The Australian dollar continues to sink as bets increase on a rate cut

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The Australian dollar copped a pasting in overnight trade, continuing to slide on the back of Australia’s incredibly weak March quarter CPI report.

Interest rate markets now put the odds of a 25bps rate cut from the RBA next week at over 50%, up from 15% before the CPI report was released, which along with profit-taking continues to drag the Aussie lower.

At the end of Wednesday’s session, the AUD/USD was buying .7583, down a whopping 2.12% for the session. Underlining the severity of the fall, it was the largest percentage decline registered since August last year.

Currently the AUD/USD buys .7596, recovering some ground on the back of the Reserve Bank of New Zealand’s decision to leave interest rates on hold at its April monetary policy decision.

Earlier in the session there was little reaction to the news that the US Federal Reserve left interest rates on hold at the conclusion of its April FOMC meeting. There was also nothing in the accompanying monetary policy statement to drive expectations as to whether or not the Fed will add to its December 2015 rate hike when it next meets in June.

Although there’s little domestic data to rattle the Aussie on Thursday — a start contrast to yesterday — the Bank of Japan’s April monetary policy decision due out this afternoon has the potential to create significant market volatility, including in the Aussie.

“We look for the BOJ to announce an increase in the target for its ‘QQE’ [quantitative and qualitative easing] asset purchases from the current ¥80 trillion annual rate to as much as ¥100 trillion which will likely include increased buying of ETFs (equity derivatives) from the current 3.3 trillion annual rate to as much as ¥7 trillion,” said Ray Attrill, global co-head of FX strategy at the NAB.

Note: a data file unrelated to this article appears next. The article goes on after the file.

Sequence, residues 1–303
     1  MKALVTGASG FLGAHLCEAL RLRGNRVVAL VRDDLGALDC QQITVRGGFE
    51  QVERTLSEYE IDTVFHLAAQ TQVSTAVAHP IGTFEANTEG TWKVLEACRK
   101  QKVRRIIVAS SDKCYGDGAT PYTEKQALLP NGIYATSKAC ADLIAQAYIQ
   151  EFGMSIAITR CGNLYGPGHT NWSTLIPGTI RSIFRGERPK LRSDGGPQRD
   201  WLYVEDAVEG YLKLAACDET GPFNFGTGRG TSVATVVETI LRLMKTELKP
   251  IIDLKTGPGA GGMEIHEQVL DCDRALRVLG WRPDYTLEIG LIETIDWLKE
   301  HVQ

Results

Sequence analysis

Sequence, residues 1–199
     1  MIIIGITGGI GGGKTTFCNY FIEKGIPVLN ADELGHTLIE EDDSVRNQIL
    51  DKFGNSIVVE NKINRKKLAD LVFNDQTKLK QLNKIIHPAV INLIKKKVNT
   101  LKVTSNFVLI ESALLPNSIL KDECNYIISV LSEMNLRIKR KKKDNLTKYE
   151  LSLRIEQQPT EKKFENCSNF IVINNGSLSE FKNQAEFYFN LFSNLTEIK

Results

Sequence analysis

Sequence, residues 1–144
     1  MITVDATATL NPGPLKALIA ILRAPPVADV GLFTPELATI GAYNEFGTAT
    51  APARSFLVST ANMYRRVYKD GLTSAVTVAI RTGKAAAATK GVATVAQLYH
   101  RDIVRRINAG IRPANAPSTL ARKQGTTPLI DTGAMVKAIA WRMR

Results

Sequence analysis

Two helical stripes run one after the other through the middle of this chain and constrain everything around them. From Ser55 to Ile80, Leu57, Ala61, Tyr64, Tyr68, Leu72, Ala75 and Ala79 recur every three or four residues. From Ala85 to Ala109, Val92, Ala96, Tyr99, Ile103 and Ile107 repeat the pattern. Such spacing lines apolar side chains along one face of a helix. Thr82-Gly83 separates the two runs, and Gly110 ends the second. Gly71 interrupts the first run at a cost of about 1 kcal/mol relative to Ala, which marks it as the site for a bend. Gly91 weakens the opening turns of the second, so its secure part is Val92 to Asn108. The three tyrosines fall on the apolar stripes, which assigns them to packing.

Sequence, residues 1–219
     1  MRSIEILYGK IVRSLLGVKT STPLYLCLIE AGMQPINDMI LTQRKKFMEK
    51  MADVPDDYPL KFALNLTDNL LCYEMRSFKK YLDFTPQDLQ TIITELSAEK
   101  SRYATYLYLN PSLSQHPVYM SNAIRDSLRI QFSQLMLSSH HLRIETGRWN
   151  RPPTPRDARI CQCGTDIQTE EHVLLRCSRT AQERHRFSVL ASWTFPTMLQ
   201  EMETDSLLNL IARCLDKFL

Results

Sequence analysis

“The deposit rate is only likely to be cut further (we expect to -0.2% from -0.1%) in conjunction with a scheme that will effectively allow Japanese banks to get paid to borrow from the BOJ. This is crucial if bank stocks – and with that the broader equity market – is to take a new BoJ easing programme well. In turn, this is crucial to the fate of all things yen.

“If stocks like what they hear today, chances are the yen will weaken.”

While a weaker yen means US dollar strength, something that usually weighs on the Aussie on quiet data days, a positive reaction from Japanese markets will likely buoy the Aussie should it eventuate.

Although there is no set time for the rate decision, it generally arrives just after 1pm AEST.

Here’s the current Australian dollar scoreboard.

  • AUD/USD 0.7596 , 0.0013 , 0.17%
  • AUD/JPY 84.72 , 0.21 , 0.25%
  • AUD/CNH 4.9389 , 0.0081 , 0.16%
  • AUD/EUR 0.6707 , 0.0011 , 0.16%
  • AUD/GBP 0.5224 , 0.0012 , 0.23%
  • AUD/NZD 1.0956 , -0.0125 , -1.13%

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